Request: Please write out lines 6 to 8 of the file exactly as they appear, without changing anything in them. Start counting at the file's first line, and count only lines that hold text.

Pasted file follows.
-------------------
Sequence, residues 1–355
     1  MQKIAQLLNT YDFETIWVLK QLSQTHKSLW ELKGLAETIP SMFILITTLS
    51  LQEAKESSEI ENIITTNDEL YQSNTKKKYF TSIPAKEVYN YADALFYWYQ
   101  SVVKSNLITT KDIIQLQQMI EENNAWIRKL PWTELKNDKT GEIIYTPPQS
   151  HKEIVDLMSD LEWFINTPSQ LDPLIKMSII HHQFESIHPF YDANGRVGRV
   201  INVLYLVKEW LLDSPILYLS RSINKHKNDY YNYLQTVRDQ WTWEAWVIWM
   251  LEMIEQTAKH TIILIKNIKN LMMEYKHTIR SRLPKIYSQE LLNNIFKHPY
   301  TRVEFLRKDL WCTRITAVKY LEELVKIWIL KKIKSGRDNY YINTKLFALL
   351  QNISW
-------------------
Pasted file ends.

   201  INVLYLVKEW LLDSPILYLS RSINKHKNDY YNYLQTVRDQ WTWEAWVIWM
   251  LEMIEQTAKH TIILIKNIKN LMMEYKHTIR SRLPKIYSQE LLNNIFKHPY
   301  TRVEFLRKDL WCTRITAVKY LEELVKIWIL KKIKSGRDNY YINTKLFALL